• Please note that this is not intended to be a free opportunity for you to advertise your breeding operation, and instead is an educational page. We will not use photos with watermarks/writing on them. There are many free advertising sites on the Internet at which you can advertise your farm/ranch/horses. Also, only send photos of foals you own. This way, there won't be copyright problems.



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Equine
Color and Genetic Testing Labs

There are many laboratories in the US and around the world that do horse color testing, disease testing, etc. When you choose a lab, make sure it is a reputable one! There are several university-related labs, which I recommend, and many private labs (some of which can NOT be recommended!). Here are a few I'm familiar with:

University Laboratories:

Private Laboratories:

  • Animal Genetics, Inc. http://www.horsetesting.com/Equine.asp

  • Pet DNA of Arizona: http://www.petdnaservicesaz.com/Equine.html ONLY tests for Brown in horses (1/2010)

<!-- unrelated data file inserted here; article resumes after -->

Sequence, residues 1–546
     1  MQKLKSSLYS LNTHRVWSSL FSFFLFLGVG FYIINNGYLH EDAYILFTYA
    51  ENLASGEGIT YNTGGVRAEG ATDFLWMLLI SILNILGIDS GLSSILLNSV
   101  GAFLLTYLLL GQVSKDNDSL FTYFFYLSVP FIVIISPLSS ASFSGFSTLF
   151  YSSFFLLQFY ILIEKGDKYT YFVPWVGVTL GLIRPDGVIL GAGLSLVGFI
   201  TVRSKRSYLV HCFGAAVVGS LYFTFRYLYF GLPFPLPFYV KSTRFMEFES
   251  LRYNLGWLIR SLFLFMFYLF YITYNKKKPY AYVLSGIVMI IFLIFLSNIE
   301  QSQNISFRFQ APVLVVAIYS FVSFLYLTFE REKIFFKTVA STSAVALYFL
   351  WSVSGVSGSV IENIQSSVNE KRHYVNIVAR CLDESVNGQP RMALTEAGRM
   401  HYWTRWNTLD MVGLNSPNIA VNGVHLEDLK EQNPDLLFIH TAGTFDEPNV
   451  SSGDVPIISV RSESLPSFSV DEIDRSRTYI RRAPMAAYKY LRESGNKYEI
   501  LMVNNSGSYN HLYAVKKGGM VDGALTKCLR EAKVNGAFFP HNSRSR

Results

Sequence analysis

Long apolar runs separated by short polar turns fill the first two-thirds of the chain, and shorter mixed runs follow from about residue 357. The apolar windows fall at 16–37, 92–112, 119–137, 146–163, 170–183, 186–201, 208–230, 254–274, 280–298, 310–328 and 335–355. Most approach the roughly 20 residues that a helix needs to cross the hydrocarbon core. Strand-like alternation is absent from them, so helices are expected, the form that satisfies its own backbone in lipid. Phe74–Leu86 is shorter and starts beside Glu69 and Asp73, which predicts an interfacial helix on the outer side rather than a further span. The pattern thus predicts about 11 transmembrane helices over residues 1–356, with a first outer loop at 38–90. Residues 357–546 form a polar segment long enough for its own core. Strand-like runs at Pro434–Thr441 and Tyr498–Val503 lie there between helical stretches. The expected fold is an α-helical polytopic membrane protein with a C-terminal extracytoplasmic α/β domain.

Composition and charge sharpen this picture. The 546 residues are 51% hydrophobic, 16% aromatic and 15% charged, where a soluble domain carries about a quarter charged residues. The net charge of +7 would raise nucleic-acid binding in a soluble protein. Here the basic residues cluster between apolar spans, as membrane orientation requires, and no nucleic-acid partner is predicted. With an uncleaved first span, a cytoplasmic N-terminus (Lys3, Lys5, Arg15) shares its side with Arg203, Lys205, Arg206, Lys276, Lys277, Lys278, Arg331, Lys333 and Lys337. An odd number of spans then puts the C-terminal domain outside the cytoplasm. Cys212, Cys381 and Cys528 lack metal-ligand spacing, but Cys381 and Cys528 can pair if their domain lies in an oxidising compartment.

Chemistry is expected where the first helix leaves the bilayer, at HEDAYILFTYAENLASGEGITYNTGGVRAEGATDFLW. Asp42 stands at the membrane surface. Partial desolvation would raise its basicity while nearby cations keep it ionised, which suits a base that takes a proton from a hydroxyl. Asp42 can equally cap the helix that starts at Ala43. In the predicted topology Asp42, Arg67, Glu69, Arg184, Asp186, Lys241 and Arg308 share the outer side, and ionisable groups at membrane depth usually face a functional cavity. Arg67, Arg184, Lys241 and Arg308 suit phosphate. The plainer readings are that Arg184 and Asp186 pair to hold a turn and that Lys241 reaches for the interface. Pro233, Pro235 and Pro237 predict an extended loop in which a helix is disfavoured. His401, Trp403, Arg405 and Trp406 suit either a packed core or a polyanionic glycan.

• PROCEED WITH CAUTION IF YOU CHOOSE TO USE THIS LAB, BELOW, in my opinion:
    DNA Diagnostics (aka Shelterwood Labs, and also affiliated somehow with Catgenes.Org)
    http://www.dnadiagnostics.com/  DNA Diagnostics/Shelterwood Labs offers a test for multiple characteristics at one price. I had seen a fair bit of chatter online about how they cash the checks and don't give the results of  the test. So, I tested them by paying for three horse tests. Guess what...they sent back two of my horses' test results and after 4 1/2 months, the third was still missing in action! Repeated phone calls and e-mails were ignored by the lab. Finally, five months after the test, someone gave me the results for the third horse. 
    If you choose to use this lab, my opinion is to only send them as much money as you are willing to lose, in case you don't receive your results. Update: A friend just called that used this lab and she still hasn't received her results after many months of waiting, phone calls, and e-mails. 3/2010. I know of another horse that tested homozygous for black that is not homozygous, as he has produced sorrel and palomino foals. In both cases, Shelterwood does not return their repeated phone calls.
     

 

 

This page last updated 09/09/11
If you notice this date being 2 years or older, please let us know that we need to check out this page!

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Toni Perdew       Bedford, Iowa
info@grullablue.com